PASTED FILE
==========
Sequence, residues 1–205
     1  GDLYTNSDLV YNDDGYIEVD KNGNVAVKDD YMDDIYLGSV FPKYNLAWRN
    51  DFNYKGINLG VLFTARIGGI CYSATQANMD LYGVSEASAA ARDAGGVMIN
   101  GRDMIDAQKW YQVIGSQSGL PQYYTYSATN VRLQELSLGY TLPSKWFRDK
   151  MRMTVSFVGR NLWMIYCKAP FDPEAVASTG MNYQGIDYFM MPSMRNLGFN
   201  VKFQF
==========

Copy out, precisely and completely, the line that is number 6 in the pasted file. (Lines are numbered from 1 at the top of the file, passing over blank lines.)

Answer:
   201  VKFQF